This Oscar Wilde is neither angel nor devil. It's true that there are hints of Christliness, but they are lightly sketched in: we first see him on an ass, riding into a Colorado mining town in 1882. When he is being taken away to Reading Gaol, he is reviled and spat on, and there is an explicit reference to the Crucifixion near the end of the film.
More in the foreground as an image of Wilde is his own character, the Selfish Giant. This was a charming parable unselfconsciously improvised for his sons, and consequently intended for publication. Mitchell sees the irony of a father's love-gift having to stand in for the man himself, when Constance, unable to supply Daddy in person, can at least take Daddy down from the shelf and read her children to sleep with his words.
The Giant in Wilde's story comes to understand and atone for his selfishness: in Mitchell's screenplay, there is a sort of provisional resolution to the Selfish Giant strand - an Act 1 curtain, as it were - with Oscar returning to his wife and sons, even after his first intimacies with Lord Alfred Douglas, and resolving not to neglect them again. This moment allows an audience to contemplate a 19th century in a parallel universe in which Wilde manages to balance his impulses and avoid catastrophe.
When he pursues his passion for Bosie, though, he is not more cautious but less. Wilde's mind had a taste for reversals of role and power, as several lines in the film demonstrate. He asks Bosie, on first meeting him, "At which college do you educate the fellows?" He asserts that only the young have the experience to judge his work. Even when he's telling his boys not to accompany him to get ice-creams, he says: "Stay and look after Nanny." So there was a sort of logical perversity to his putting himself in the power of the dreadful Bosie (played here by Jude Law), who did at least have experience of an underworld that Oscar hadn't previously visited.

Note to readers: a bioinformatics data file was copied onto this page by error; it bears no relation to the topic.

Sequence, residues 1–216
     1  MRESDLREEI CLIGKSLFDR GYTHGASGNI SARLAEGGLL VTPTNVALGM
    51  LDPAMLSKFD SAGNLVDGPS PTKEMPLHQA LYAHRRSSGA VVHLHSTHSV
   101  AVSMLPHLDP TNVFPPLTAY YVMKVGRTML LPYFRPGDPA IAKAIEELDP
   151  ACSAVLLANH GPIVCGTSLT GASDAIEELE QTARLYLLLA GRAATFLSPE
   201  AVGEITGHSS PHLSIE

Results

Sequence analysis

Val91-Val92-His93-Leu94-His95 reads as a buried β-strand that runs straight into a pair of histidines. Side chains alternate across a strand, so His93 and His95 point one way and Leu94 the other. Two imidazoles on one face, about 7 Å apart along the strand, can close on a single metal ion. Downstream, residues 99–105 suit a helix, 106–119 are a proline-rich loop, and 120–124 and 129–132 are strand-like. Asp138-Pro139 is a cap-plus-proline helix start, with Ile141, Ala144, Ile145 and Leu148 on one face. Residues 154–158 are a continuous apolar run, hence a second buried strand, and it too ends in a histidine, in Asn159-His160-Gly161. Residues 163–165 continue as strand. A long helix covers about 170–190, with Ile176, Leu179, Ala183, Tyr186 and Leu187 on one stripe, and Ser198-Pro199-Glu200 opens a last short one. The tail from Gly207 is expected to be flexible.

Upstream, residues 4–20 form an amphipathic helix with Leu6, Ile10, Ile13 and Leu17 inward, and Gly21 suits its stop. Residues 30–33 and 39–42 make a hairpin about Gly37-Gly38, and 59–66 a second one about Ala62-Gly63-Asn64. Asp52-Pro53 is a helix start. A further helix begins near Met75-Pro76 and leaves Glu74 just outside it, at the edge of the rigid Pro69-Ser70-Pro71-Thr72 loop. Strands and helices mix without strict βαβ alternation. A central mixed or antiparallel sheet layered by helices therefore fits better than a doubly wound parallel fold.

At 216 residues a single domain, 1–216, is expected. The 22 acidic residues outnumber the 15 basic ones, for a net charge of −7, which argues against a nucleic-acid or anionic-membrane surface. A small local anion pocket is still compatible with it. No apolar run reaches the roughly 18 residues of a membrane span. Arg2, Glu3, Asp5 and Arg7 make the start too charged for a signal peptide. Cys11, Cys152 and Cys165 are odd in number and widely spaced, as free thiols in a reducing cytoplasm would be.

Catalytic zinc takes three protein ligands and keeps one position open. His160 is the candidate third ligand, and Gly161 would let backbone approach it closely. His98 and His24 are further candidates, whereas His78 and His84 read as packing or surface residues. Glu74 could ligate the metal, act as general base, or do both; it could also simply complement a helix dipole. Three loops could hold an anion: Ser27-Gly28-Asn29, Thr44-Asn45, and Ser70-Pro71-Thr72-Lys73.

It is no more than the truth to say that Wilde would be nothing without Stephen Fry, since the casting of the lead preceded the selection of a scriptwriter. Fry has a lot of advantages in interpreting the role, from rough physical similarity to a reputation for wit. Even his disadvantages don't hold him back: the asymmetry of his face - nose, mouth and chin unconventionally aligned - means that the difference between a smile and a smirk is often hard to detect.
It was to be expected that Fry would be expert at those parts of Wilde's persona that are approximate to his own - irony, suave subversiveness - but he handles remarkably well the moments when Wilde's own experiences take him beyond the protection of his polished reflexes. When he is initiated into homosexuality by Robbie Ross (Michael Sheen), his first reaction is not pleasure or even excitement. There is pure pain in his eyes as Robbie's trews descend.
When Bosie takes him to a brothel, Oscar seems to be at ease in character, indulging in an elaborate comparison of the boys to exotic blooms, but Fry lets us see that, for once, Wilde is out of his depth. His verbal flamboyance seems to be no more than self-deceiving, and everyone in the room knows why he is there.
Wilde is handsomely mounted but timidly filmed by director Brian Gilbert. His use of film language is unadventurous - only once does framing or camera work add anything to the performances, and that is when Wilde accepts his ovation for The Importance of Being Ernest. He walks forward tentatively, almost in fear, and Gilbert cuts to an angle from which the audience isn't visible, Oscar alone on stage. A man who stands centre stage has nowhere to hide.
Debbie Wiseman's music is at its best when it finds a sort of Satie mood of skewed elegance, but towards the end of the film her musical gestures become full of hectoring pathos. It can only be a mistake to pull out all the stops in this way, while telling the story of a man who found the death of Dickens's Little Nell so reliably amusing.
`Wilde' (15) goes on general release todayReuse content